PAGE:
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From the prime number theorem we know that $\pi(x)\sim x/\log x$, i.e. $\dfrac{\pi(x)\log x}{x}\rightarrow 1$ as $x\rightarrow \infty$.

How can we use that to show that $\pi(x)\sim\int_2^x\dfrac{1}{\log t}dt$? The integral $\dfrac{1}{\log t}$ does not have a closed form, as far as I know.

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As for the question, show that $$\operatorname{Li}(x) = \int_2^x \frac{dt}{\log t} \sim \frac{x}{\log x},$$ for example by splitting the integral at something like $\dfrac{x}{(\log x)^2}$. – Daniel Fischer Dec 14 '13 at 19:50
@DanielFischer What do you mean by splitting the integral? Like splitting into the intervals $[2,x/(\log x)^2]$ and $[x/(\log x)^2,x]$? I can't see how that makes it easier to evaluate/estimate things. – PJ Miller Dec 14 '13 at 20:19
Yes, splitting like that. The first integral is easily estimated as $O\left(\frac{x}{(\log x)^2}\right)$, and the second as $\sim \frac{x}{\log x}$, since the integrand is "nearly constant" $\frac{1}{\log x}$ there. – Daniel Fischer Dec 14 '13 at 21:10
@DanielFischer The first integral is fine, but I'm having trouble with the second one. I know the integrand is "nearly constant", but how can I argue formally that it's $\sum\frac{x}{\log x}$? – PJ Miller Dec 15 '13 at 1:53
The second integral is bounded $$x\left(1 - \frac{1}{(\log x)^2}\right) \cdot \frac{1}{\log x} < \int_{x/(\log x)^2}^x \frac{dt}{\log t} < x\left(1-\frac{1}{(\log x)^2}\right)\cdot \frac{1}{\log x - 2 \log \log x}.$$ Both sides are $$\frac{x}{\log x} + o\left(\frac{x}{\log x}\right).$$ – Daniel Fischer Dec 15 '13 at 11:48
up vote 1 down vote accepted

You actually have it backwards. The Prime Number Theorem shows that $\pi(x) \sim \int_2^x \frac{1}{\log t} dt,$ which is a much better approximation than $\pi(x) \sim \frac{x}{\log x}.$ To get the "standard form" from the first one, just integrate by parts.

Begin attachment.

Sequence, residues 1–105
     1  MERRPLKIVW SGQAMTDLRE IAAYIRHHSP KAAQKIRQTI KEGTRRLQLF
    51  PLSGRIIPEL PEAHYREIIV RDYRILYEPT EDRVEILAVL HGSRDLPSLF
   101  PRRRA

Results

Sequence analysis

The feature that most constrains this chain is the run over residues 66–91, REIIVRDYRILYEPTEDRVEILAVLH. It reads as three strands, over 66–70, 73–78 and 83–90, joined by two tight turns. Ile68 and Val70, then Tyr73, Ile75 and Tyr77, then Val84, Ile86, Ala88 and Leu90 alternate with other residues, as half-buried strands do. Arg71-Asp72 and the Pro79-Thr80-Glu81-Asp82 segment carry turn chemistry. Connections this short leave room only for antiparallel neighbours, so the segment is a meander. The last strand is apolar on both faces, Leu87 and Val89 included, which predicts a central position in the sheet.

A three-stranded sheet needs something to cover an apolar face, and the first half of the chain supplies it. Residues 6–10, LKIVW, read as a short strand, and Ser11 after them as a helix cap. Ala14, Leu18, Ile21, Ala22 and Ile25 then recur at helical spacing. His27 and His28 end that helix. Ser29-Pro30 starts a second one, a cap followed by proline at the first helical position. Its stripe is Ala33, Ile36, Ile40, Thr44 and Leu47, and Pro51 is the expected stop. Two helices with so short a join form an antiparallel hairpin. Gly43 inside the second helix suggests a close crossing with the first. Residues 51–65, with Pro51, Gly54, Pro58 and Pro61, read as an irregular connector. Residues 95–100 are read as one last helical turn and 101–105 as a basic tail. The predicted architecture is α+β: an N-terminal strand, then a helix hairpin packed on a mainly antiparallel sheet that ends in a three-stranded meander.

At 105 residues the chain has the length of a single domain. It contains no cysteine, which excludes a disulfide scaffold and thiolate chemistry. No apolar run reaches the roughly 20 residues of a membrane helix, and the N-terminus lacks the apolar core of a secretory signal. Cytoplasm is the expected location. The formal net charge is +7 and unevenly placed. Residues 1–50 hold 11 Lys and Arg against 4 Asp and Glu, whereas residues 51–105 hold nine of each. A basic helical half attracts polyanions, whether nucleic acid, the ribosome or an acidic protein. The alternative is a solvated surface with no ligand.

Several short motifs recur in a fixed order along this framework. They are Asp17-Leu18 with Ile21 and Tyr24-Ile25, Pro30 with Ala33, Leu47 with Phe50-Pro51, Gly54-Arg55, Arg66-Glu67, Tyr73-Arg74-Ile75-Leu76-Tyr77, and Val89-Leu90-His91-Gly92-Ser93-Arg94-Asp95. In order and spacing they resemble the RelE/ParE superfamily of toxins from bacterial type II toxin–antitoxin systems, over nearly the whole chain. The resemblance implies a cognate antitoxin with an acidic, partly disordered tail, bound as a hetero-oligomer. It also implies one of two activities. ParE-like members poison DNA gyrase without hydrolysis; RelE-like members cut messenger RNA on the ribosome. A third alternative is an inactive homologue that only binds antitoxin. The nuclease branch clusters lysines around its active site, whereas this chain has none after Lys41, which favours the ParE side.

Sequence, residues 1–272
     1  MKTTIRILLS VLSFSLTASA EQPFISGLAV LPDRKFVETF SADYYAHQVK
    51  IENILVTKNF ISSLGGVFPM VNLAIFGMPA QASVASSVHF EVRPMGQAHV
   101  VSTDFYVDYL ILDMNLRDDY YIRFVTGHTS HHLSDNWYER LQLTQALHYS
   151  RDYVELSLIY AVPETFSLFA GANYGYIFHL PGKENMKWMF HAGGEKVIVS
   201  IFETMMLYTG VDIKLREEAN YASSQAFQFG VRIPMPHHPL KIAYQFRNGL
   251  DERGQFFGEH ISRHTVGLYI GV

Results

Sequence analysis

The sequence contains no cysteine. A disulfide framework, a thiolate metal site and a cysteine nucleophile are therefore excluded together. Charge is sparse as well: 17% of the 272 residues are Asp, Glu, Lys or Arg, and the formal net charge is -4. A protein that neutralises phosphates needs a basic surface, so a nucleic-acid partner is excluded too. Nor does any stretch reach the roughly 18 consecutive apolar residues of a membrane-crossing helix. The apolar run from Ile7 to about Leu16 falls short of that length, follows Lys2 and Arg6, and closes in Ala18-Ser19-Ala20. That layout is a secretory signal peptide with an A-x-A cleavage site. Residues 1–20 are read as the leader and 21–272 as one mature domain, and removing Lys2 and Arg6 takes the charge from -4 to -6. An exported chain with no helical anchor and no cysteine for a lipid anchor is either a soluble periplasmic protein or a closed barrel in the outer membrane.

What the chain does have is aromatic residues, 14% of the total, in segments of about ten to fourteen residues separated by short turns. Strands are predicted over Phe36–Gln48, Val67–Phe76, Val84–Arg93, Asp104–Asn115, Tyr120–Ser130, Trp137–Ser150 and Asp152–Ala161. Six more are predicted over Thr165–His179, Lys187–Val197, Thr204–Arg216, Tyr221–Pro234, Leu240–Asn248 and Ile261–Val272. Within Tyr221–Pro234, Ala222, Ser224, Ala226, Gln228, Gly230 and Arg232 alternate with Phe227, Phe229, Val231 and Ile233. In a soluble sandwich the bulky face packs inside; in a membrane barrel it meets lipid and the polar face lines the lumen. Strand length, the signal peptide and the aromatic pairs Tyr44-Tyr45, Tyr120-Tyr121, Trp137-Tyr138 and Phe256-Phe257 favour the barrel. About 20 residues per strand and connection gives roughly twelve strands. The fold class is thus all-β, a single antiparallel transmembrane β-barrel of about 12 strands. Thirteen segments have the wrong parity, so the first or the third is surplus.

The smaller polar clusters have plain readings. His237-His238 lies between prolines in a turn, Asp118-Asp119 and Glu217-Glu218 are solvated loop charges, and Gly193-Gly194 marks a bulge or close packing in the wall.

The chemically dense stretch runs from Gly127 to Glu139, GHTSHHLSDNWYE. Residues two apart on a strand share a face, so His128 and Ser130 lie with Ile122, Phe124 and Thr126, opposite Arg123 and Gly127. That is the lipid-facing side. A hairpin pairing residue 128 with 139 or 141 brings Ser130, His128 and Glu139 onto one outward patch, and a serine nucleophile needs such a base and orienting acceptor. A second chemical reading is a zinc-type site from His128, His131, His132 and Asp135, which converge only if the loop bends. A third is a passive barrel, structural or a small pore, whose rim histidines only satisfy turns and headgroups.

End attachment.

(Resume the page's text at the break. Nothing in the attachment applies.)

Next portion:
To answer Daniel Fischer's comment, see this part of the wiki article on the PNT.

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That depends on what proof you read. The common complex analysis proof shows $\pi(x) \sim \dfrac{x}{\log x}$ (via $\vartheta(x)$). – Daniel Fischer Dec 14 '13 at 19:51
@DanielFischer you are kidding, right? notice that the version you mention has a horrible error term whether or not you know the Riemann hypothesis, so I am sure you can prove this theorem, but it is not the prime number theorem. – Igor Rivin Dec 14 '13 at 19:54
I'm not kidding. Yes, you don't get good error bounds. Still, the asymptotic is right, and it is commonly called the prime number theorem. – Daniel Fischer Dec 14 '13 at 19:56
By the way, my name is not David. – Daniel Fischer Dec 14 '13 at 20:00
I didn't say "standard". I said "common". The really good thing about Newman's proof is that it's so easy that you can show it to students with not very much background in complex analysis, that's why it's commonly given in complex analysis courses. If you want to do number theory, you need the better result quite often, I'd think. – Daniel Fischer Dec 14 '13 at 20:11

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